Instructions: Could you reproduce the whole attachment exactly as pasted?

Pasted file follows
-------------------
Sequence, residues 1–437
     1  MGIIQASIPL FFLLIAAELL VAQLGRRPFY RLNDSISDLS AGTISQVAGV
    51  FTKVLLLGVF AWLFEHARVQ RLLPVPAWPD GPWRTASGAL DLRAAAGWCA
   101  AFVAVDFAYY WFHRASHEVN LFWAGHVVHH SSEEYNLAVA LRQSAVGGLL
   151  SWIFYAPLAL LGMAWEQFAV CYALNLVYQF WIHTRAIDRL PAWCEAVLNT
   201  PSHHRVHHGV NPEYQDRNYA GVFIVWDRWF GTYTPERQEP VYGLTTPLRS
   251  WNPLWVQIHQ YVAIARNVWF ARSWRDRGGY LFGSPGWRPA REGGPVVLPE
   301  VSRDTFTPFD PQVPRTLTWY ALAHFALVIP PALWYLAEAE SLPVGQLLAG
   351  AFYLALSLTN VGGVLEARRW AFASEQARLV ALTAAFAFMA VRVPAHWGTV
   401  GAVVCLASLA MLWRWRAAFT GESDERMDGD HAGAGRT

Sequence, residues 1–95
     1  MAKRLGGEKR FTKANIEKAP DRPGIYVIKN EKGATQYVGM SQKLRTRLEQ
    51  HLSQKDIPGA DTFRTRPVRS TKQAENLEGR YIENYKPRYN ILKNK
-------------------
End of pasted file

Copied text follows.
Sequence, residues 1–437
     1  MGIIQASIPL FFLLIAAELL VAQLGRRPFY RLNDSISDLS AGTISQVAGV
    51  FTKVLLLGVF AWLFEHARVQ RLLPVPAWPD GPWRTASGAL DLRAAAGWCA
   101  AFVAVDFAYY WFHRASHEVN LFWAGHVVHH SSEEYNLAVA LRQSAVGGLL
   151  SWIFYAPLAL LGMAWEQFAV CYALNLVYQF WIHTRAIDRL PAWCEAVLNT
   201  PSHHRVHHGV NPEYQDRNYA GVFIVWDRWF GTYTPERQEP VYGLTTPLRS
   251  WNPLWVQIHQ YVAIARNVWF ARSWRDRGGY LFGSPGWRPA REGGPVVLPE
   301  VSRDTFTPFD PQVPRTLTWY ALAHFALVIP PALWYLAEAE SLPVGQLLAG
   351  AFYLALSLTN VGGVLEARRW AFASEQARLV ALTAAFAFMA VRVPAHWGTV
   401  GAVVCLASLA MLWRWRAAFT GESDERMDGD HAGAGRT

Sequence, residues 1–95
     1  MAKRLGGEKR FTKANIEKAP DRPGIYVIKN EKGATQYVGM SQKLRTRLEQ
    51  HLSQKDIPGA DTFRTRPVRS TKQAENLEGR YIENYKPRYN ILKNK